What a Barbie's price may be saying
The iconic doll now holds a wide variety of professions. So why do some, like the computer engineer version, cost more?
Barbie has been a busy achiever since she was first introduced in 1959.
But today, certain career Barbies are fetching higher prices than others, and there isn't always a strong correlation with real-world earnings, according to the Economist.
For instance, the most expensive doll is now Snowboarder Barbie, which costs about $30, more than double the price of "nurse" Barbie.
While top competitive snowboarders certainly can earn a tidy sum -- Olympic champion Torah Bright was listed in 2011 as among the top-earning skiers and snowboarders -- most would probably categorize the profession under "slacker."
But the most expensive dolls might shed light on a bigger lesson parents hope to impart to their daughters, Tanya Lee Stone, the author of "The Good, the Bad and the Barbie," tells MSN moneyNOW.
"The theory that parents hoping to inspire daughters to reach beyond the more stereotypical career choices of teacher or baker (although just as valuable) might be willing to shell out more money for 'computer engineer' or 'architect' Barbie might have real-world merits," Stone notes.
Computer hardware engineer ranks as one career that both costs more for Barbies and in the real world. The doll costs slightly less than $30, while U.S. median weekly earnings top out near $1,600, according to the Economist.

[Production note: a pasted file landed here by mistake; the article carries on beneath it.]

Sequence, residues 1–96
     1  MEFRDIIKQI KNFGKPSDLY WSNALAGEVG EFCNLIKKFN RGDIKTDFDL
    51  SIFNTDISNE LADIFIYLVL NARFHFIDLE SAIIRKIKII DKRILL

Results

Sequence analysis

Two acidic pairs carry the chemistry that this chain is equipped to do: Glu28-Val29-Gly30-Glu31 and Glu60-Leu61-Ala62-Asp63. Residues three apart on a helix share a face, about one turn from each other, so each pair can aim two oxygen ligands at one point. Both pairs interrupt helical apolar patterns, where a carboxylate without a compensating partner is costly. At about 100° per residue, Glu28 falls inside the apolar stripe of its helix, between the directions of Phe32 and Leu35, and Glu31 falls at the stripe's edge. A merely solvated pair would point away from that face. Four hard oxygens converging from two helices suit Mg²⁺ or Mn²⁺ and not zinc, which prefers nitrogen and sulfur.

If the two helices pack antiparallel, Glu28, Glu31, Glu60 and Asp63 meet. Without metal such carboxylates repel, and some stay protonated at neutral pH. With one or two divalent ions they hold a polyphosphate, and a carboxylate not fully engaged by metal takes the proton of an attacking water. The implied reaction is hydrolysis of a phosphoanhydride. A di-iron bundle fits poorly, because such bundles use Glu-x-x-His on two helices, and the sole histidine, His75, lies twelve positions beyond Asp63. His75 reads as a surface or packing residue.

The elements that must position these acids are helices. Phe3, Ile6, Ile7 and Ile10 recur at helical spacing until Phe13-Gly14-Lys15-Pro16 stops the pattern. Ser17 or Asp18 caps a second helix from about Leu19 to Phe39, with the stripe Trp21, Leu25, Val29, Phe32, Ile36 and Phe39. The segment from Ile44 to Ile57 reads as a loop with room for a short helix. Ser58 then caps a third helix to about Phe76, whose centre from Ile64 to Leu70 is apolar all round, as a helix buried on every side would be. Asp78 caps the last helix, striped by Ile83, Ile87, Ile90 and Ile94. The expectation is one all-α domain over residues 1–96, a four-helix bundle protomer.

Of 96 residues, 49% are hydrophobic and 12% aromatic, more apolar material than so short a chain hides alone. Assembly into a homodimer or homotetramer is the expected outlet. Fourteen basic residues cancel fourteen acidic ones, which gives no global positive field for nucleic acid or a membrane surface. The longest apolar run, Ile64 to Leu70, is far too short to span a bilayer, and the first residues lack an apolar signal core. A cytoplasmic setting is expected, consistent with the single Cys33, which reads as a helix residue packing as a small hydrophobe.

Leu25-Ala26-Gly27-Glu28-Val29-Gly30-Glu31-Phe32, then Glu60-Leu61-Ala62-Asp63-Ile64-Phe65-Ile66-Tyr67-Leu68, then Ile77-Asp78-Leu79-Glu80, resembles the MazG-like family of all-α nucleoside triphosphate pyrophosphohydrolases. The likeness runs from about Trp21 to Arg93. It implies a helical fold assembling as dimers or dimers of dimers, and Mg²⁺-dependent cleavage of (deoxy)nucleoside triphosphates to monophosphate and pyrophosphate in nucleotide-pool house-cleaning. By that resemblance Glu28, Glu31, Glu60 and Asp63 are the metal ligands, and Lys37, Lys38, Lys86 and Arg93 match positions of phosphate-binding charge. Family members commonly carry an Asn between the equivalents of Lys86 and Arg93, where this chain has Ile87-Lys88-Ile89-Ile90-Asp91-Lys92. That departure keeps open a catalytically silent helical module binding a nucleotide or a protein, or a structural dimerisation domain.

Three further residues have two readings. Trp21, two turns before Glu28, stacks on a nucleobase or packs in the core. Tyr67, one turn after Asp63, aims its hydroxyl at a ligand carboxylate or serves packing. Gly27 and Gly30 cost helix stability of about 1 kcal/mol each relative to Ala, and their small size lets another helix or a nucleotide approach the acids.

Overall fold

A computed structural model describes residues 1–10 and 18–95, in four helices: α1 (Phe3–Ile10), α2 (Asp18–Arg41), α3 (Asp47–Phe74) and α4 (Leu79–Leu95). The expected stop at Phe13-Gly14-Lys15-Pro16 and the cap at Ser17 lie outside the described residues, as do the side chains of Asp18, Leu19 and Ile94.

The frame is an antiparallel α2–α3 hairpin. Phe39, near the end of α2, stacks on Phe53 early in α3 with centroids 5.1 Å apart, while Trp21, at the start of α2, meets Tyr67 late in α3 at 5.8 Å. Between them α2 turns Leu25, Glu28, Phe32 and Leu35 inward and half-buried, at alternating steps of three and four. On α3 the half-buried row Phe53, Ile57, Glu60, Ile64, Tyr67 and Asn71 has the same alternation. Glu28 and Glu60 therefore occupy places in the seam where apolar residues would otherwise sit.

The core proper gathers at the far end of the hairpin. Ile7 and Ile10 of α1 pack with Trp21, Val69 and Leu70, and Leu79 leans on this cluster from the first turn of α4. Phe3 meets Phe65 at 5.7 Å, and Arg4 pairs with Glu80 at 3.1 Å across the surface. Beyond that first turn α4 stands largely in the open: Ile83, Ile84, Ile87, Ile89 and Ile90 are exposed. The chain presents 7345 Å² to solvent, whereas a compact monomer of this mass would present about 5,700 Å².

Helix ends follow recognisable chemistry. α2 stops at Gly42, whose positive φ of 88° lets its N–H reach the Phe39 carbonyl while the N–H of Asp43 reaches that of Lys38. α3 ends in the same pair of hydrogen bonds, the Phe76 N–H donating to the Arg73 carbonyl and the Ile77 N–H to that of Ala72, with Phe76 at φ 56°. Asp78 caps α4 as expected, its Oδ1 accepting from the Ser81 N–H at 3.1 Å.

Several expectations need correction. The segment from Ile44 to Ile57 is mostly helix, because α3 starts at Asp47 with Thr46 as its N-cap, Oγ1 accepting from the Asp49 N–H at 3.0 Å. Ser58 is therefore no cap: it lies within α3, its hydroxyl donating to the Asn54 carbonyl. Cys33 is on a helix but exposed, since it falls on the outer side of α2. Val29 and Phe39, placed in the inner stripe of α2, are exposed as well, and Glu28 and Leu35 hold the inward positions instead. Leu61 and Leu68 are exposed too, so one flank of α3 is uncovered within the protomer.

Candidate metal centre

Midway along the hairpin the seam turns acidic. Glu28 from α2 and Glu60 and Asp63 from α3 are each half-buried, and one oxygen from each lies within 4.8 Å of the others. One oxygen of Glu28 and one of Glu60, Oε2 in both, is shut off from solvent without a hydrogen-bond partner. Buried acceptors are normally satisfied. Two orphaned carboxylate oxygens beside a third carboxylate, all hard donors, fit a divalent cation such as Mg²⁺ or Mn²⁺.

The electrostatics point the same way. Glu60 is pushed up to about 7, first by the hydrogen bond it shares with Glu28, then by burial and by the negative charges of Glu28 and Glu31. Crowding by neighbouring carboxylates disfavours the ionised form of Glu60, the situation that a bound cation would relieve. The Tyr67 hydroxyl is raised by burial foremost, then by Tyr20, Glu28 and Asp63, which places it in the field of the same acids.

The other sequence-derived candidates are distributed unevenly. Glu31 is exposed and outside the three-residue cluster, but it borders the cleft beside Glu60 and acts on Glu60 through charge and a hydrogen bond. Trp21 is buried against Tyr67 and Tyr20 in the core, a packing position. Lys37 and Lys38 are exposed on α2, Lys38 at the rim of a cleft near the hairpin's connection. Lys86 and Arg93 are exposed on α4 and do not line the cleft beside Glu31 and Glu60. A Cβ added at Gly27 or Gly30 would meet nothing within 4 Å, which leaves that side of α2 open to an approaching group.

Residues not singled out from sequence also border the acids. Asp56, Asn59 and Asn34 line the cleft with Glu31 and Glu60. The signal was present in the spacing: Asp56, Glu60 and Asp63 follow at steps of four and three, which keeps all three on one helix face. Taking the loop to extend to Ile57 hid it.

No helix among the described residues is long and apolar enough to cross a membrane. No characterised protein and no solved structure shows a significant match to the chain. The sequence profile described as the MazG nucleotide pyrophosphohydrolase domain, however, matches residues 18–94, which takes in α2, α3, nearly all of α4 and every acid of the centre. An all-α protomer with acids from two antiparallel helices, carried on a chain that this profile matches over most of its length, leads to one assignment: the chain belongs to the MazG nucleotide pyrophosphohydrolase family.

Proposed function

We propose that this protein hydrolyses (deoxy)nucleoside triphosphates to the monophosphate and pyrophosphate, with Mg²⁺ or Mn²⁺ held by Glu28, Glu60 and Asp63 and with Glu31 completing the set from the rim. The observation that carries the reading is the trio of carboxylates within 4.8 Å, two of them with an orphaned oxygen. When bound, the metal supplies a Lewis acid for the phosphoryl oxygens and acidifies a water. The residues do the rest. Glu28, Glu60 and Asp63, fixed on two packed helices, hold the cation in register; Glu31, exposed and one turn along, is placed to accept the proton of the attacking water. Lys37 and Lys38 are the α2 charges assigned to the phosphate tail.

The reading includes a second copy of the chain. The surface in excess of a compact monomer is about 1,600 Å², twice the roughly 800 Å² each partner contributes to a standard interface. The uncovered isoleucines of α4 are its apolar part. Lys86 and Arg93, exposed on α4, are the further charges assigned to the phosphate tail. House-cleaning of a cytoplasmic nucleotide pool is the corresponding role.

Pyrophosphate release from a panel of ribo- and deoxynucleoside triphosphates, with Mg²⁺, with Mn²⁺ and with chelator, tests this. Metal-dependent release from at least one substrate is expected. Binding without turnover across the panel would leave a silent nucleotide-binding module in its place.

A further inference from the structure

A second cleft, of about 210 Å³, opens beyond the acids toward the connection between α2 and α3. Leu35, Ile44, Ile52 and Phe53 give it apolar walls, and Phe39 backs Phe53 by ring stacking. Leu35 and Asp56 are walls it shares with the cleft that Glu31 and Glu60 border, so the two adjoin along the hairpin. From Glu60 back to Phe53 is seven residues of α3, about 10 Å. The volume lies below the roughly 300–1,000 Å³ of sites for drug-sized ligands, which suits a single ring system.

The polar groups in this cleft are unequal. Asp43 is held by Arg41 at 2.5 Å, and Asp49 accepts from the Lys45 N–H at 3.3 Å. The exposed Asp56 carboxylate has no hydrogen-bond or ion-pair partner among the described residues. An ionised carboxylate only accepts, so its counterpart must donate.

Other pricey Barbies include paleontologist, swimming champion, architect and news presenter.
But some less expensive dolls actually represent fields that pay quite well, such as pilot Barbie, which goes for less than $10. Aircraft pilots, however, earn high weekly wages, just below computer hardware engineers.
"Women certainly fought hard to break into the aviation field, and we aren't going to take that for granted, are we?" Stone says, noting that she can't see any financial logic for why pilot Barbies would cost less.
"Perhaps it is simply what the market will bear," she notes, adding that dolls geared for collectors may also push up prices.
© 2013 Tony D. McRae
As a boy of 13
I saw my neighbor in the shower
She was wet and 30
And from that very hour
I never played
With G.I. Joe again
Took my paper route money
And bought myself a ‘Barbie’
Brought her to my room
And opened up the carton
And drew on the missing parts
With a felt tip pen
Well I never dared
Let my friends find out
That me and Barbie
Were hangin’ out
They’d all laugh and say
“That just ain’t right”
But I knew they
Barbie helped me
Become a man
She saw me through
Some awkward teenage nights
I finished growing up
After many a day
And gave up Barbie
Along the way
Just another memory
In the corners of my mind
But I know I’ll always
Keep a tender, soft spot
For that tiny blonde woman
In that little pink box
No one else
Ever treated me so kind
As a boy of 13
I saw my neighbor in the shower.
I would love to see a ballheaded Barbi for little girls battling cancer..They could come with different wigs & the little head scarfs,,This would help the little girls feel better about themselfs,,I for one had cancer 3 times....Please cnnsider.....THANK YOU
I saw a Barbie cake at a bake shop. It had Barbie with a cake ball gown skirt. That was the moment I realized that my brain was not my friend because my first thought was: "who gets to lick the frosting off Barbie?"
Wrong. funny, but Wrong. LOL
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